Protection Relay

Philosophy of Protection System Settings

The objectives  of the protection system are:

–  limit damage to people and to the plant;

–  permit different  service conditions;

–  guarantee maximum service continuity for the plant not affected  by faults;

–  activate the automatisms provided.

The characteristics of the protection system of an electric networks are:

–   Dependence: it can be called on to work after either a short or long period after installation. In any case, it must work when it is called on to operate;

–   Safety: it must not operate when is not required (it must not operate during transients). It must allow the various service conditions and activate the automatism provided;

–   Selectivity: it must operate only and when necessary, guaranteeing maximum service continuity with minimum disconnection of the network;

–   Speed: represented by the minimum fault time and by damage to the machinery;

–   Simplicity: measured by the number of pieces of equipment needed to protect the network;

–   Economy: assessed as the cost of the protection system in relation to the cost of malfunctioning.

The protection system is the ensemble of the instrument transformers and the relays with adequate settings. The relay is only one of the components making up the protection system. Selection of  the type of function and of the functions required to adequately protect a machine or a plant must be made on the basis of:

–   Standards;

–   interface with the external network;

–   acceptable risk (consequences of the fault);

–   short-circuit currents (maximum and minimum);

–   status of the neutral;

–   presence of self-production in a plant;

–   coordination with the existing system;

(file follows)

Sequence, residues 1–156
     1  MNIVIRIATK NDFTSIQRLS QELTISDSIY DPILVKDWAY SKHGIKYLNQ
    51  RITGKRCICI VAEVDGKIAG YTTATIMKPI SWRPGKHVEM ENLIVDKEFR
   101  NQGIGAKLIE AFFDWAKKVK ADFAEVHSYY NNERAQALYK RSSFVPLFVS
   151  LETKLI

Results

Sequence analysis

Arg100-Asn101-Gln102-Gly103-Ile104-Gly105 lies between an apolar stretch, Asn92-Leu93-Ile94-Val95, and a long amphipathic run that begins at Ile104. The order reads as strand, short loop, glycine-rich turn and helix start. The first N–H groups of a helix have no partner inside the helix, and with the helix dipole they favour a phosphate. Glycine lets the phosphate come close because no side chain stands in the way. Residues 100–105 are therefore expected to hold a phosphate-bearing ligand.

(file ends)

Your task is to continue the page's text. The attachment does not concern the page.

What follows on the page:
–   configurations and network running criteria;

–   practices.

The aim is to achieve the best technical economic compromise which allows adequate protection against “faults” with “significant” probability and to verify that the investment is commensurate with the importance of the plant.

The electric protections are of different types and have different applications:

–   zone protections (e.g. differential or with impedance);

–   machine protections (e.g. reverse power);

–   selective protections (e.g. over current);

–   non-selective protections (e.g. Under voltage, frequency);

–   protections in support (e.g. fuses, overcurrent, under voltage);

–   interface protections (e.g. under voltage protections; under/over and rate of change of frequency; overcurrent for a disconnection between the plant network and the utility network);

–   protections for making automatism

(e.g. synchronism check).

The criterion which is followed when the setting of a protection is calculated is to efficaciously protect the machine or plant and then look for trip selectivity. Trip selectivity means isolating the smallest area of a plant in the case of a fault in the shortest time possible (selectivity) and then to ensure a reserve (back-up) in the case of failure of the primary protection. There are various different selectivity criteria which can be used in plants.

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